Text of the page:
Michael Mosiman has a pair of top-fives there, however. His best finish was a second in the second 2021 race. Garrett Marchbanks scored a top-10 in his rookie season of 2019 in Houston.

In the 250 East division, Hunter Lawrence is one of the favorites to win the title now that Christian Craig has moved to 450s. Last year he had four wins and nine podiums, but failed to set a fast lap in a race.

The other 250 riders with 2022 wins this week are Mosiman, who earned his first Supercross win last year in San Diego, and Nate Thrasher, who became the fifth new class winner at Daytona.

Jeremy Martin will attempt to extend a record this week in Houston. His division leading SuperMotocross podiums number 65. He has 26 wins in the combined sessions, which ranks fourth all time.

Last Five Houston Winners

450s
2022, no race
2021, Race 3: Cooper Webb
2021, Race 2: Eli Tomac
2021, Race 1: Justin Barcia
2020, no race
2019, Cooper Webb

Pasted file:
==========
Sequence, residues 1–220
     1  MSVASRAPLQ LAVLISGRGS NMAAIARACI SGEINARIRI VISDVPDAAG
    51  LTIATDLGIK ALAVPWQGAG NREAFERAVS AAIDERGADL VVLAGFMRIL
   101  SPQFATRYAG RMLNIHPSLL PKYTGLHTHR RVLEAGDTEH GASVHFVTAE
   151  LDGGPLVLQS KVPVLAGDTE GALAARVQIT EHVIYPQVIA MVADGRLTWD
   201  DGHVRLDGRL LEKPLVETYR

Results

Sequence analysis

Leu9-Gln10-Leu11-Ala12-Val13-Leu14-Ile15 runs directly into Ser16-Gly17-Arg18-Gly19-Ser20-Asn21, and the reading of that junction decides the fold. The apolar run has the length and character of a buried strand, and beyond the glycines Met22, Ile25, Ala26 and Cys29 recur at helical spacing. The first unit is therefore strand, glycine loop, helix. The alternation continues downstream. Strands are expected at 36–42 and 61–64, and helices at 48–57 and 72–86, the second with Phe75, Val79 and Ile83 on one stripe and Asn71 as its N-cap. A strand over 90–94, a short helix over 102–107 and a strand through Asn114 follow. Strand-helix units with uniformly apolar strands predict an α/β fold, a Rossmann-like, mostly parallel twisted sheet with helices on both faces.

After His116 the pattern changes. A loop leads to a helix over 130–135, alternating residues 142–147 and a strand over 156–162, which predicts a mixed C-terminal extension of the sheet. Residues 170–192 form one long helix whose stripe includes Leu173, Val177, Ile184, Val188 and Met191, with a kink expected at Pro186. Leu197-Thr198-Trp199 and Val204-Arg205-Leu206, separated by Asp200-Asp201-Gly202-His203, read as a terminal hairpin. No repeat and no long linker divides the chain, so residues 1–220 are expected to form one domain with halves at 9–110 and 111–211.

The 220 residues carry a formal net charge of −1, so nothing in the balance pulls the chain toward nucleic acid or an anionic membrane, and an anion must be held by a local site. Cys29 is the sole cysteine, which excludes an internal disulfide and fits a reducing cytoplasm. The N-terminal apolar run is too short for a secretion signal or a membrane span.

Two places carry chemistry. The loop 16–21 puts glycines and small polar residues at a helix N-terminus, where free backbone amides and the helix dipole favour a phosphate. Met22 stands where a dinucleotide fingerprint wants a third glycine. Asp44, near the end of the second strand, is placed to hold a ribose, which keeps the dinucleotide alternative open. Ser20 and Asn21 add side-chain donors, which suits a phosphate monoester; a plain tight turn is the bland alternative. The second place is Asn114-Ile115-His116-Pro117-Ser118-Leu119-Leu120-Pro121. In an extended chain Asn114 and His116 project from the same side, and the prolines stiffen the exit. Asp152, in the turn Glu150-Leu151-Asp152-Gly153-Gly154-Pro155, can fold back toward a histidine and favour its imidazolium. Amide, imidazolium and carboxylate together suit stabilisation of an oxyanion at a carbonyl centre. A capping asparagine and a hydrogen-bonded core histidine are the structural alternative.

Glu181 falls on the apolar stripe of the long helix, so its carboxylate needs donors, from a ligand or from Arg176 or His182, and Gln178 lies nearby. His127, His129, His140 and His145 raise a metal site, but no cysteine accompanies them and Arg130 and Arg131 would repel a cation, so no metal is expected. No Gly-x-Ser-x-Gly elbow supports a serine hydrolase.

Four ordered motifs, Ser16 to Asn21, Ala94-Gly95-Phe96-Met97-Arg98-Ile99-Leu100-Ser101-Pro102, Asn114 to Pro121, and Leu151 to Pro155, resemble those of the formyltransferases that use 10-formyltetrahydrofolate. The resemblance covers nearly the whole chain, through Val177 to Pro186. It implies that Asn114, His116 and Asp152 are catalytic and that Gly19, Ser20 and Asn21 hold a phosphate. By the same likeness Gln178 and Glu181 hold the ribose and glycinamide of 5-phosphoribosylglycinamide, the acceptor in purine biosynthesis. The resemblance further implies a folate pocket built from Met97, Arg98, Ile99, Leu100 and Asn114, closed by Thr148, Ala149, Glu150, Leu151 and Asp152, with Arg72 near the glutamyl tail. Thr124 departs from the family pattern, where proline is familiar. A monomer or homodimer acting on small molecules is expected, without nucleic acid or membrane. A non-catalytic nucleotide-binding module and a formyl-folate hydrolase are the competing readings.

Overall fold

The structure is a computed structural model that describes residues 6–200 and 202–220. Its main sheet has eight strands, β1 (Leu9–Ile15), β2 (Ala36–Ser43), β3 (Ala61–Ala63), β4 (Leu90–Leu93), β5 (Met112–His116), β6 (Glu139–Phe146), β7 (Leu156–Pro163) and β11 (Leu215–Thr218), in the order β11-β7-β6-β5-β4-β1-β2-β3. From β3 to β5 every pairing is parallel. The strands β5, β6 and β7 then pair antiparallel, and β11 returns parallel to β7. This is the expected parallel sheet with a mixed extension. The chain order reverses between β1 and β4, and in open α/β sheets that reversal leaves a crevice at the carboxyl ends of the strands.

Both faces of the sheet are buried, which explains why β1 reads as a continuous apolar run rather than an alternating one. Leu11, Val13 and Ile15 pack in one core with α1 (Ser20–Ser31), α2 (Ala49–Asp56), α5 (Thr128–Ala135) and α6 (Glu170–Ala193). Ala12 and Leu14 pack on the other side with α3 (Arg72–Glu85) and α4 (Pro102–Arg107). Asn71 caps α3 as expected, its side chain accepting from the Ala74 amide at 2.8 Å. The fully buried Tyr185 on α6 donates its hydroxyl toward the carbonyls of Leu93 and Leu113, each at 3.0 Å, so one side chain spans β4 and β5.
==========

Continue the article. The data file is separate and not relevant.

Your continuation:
2018, Jason Anderson

250s
2022, no race
2021, Race 3: Colt Nichols
2021, Race 2: Jett Lawrence
2021, Race 1: Christian Craig
2020, no race
2019, Dylan Ferrandis
2018, Aaron Plessinger

By the Numbers

Anaheim 2
San Diego

More SuperMotocross coverage

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Malcom Stewart out for “extended duration” after knee surgery
Haiden Deegan makes Supercross debut in Houston, Justin Cooper to 450s
Talon Hawkins set to relieve injured Jalek Swoll in Houston
Jalek Swoll out for an indefinite period with broken arm
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Chris Blose joins Pro Circuit Kawasaki in 250 East opener
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Injury sidelines Austin Forkner for remainder of 2023 SX
Chase Sexton wins Anaheim 2 in 450s; Levi Kitchen takes 250s
Results and points from Anaheim 2